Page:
An immediate response in the face of crisis
In March 2020 the WHO officially declared the coronavirus a global pandemic. Uniquely placed to respond to Covid-induced challenges, we at Maanch immediately started work on a way to alleviate some of the suffering that ensued. The most obvious solution was to try and get more funding to the organisations and people that really needed it. In response, Maanch set up its first themed collective giving fund: the Maanch Coronavirus Relief Fund (MCRF). Philanthropy Impact, a UK based philanthropic platform, donated to help develop a powerful dashboard, built to understand how best to strategically give. A fund – with discrete criteria for redistribution – was set up to reallocate money in the most effective way possible. We cut all additional fees we would usually take on the platform. And over 400 charities submitted projects from across the world to describe the impact they were making. Through a unique heatmap on the Maanch Coronavirus dashboard, we could see which projects were funded, what impact they were having and how they wanted to continue helping the communities they were in. These were to represent the repartition of funding throughout the UK and the world and help everyday philanthropists with how to reallocate their resources and create an interactive aggregation of pandemic needs.
Developing due diligence that reflects our Impact processes
With a click of a button, charities that were motivated to receive funding through Maanch created projects that are still hosted on the platform. These were to be qualified to receive direct funding through the MCRF. Even now that the fund has been closed, you can still visit the projects submitted through the M GIVE section and donate to many diverse projects here. All our non-profit partners on Maanch go through an initial financial and registration check thanks to our smart APIs, and then through a manual project by project advisory and due diligence system. Only after these steps do they appear on our open platform. To be further eligible for MCRF funding, coronavirus relief projects were then filtered through a point system. This was based on the initial disclosed criteria for the fund; sorting immediate, medium-term, and long-term impact that they were predicted to have, the need intensity metric in the country they were operating and the number of SDGs the charities touched on. Principles of effective giving such as level of neglect, effectiveness, and traction, which are embedded in our culture were also widely considered. Through a careful selection process, our charity partner EmbraceAbility was selected to receive this funding.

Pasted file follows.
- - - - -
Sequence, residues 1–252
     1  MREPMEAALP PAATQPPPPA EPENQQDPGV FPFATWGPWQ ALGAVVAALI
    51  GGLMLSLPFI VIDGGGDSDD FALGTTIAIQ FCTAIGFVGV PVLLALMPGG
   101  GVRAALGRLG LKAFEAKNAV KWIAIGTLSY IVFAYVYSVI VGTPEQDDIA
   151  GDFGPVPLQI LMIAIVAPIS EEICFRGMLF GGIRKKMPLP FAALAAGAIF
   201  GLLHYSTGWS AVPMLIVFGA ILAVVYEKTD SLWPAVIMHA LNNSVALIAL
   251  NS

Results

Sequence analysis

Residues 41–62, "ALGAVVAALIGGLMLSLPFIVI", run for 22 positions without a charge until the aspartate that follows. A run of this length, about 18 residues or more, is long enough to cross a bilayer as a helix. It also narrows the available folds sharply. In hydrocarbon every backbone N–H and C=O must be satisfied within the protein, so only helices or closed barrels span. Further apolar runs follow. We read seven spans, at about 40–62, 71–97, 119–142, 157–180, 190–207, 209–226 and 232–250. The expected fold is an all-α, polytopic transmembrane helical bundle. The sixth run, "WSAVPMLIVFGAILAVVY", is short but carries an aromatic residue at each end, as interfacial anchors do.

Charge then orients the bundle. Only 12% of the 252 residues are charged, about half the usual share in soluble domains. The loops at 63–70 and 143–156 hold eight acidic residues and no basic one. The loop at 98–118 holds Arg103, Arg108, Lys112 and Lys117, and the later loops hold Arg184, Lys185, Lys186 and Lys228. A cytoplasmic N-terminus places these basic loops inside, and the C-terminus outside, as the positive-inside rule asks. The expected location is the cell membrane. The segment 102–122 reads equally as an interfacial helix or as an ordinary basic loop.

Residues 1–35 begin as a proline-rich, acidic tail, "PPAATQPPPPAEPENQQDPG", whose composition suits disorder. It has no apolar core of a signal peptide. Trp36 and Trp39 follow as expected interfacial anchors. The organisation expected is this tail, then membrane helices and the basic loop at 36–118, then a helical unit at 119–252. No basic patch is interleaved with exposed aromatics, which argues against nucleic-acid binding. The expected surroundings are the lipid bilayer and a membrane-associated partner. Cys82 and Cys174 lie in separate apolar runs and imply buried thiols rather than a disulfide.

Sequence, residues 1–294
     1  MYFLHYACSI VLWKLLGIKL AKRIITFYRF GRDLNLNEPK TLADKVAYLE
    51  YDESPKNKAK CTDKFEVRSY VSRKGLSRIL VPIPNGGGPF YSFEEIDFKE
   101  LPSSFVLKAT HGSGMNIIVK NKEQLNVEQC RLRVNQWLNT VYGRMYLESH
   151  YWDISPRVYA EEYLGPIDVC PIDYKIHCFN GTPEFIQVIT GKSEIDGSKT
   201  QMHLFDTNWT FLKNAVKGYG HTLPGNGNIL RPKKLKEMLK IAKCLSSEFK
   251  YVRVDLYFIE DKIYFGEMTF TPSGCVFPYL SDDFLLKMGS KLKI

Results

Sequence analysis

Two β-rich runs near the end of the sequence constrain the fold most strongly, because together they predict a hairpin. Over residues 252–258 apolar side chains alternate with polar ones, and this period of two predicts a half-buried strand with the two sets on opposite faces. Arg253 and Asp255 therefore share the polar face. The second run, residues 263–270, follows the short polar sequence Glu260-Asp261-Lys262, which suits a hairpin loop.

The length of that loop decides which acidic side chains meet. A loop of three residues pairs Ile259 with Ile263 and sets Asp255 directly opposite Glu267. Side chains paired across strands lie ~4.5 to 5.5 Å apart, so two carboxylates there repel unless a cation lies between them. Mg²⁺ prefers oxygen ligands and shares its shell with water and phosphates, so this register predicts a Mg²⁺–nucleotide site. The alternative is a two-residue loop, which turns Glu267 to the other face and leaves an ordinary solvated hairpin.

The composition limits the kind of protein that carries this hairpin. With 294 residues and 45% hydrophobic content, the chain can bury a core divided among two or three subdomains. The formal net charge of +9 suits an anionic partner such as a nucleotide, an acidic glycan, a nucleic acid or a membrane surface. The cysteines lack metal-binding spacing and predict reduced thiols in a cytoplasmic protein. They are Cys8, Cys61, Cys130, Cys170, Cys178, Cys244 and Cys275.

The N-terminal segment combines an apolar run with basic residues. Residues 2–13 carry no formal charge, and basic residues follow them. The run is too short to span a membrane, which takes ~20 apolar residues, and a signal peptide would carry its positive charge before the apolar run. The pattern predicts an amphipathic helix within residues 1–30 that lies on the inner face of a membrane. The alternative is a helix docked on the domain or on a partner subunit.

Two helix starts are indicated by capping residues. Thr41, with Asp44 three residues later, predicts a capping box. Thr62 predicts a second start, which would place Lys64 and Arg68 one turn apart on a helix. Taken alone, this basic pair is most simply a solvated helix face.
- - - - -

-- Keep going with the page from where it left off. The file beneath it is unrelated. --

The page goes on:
What could we have done better?
Let’s face it, as an early-stage start-up, we still have much room for growth. We feel it is important to be transparent in sharing and reflecting on what we could have done better, and what we as an organisation have learned from the experience. As we adapted on the cuff, it was difficult to give visibility to all our stakeholders, and many charities were disappointed not to receive funding they so desperately needed straightaway. There was also the matter of knowing what the right levels of due diligence were for projects that needed such immediate relief. Maanch prides itself in being a rigorous giving platform. But the flipside of this is that our platform was sometimes too heavy in terms of disclosure, and not fast enough in giving turn-arounds for some of our charities. In some cases, we were therefore unable to turn around as fast as we had hoped. This was further complexified by the many geographies we were working with as we were used to only dealing with UK registered charities. It is also safe to say that the amount raised was not as expected as most of our funders come to our platform organically.
What we hope to do next…
One thing is for sure, in a world that has been so shaken by the coronavirus crisis, we’re going to need the power of community and collective giving more than ever. Maanch’s vision is to unify the philanthropy ecosystem and enable the most strategic reallocation of resources towards the SDGs. In order to do so, we hope to leverage the technology and processes put in place for the MCRF and expand them to other topic-specific projects and community groups.
The pandemic has taught us the power- and necessity- of working together. But COVID-19 is far from over. The most obvious example of this is India, where there is an ongoing emergency situation. We at Maanch are currently running a collective giving exercise for the situation in India. Please reach out to us if you are a charity working towards COVID relief in India, or are an individual or organisation from around the world wanting to contribute to such causes.
Give to COVID relief charities here.
Blog by Maanch team member Emma Guitera.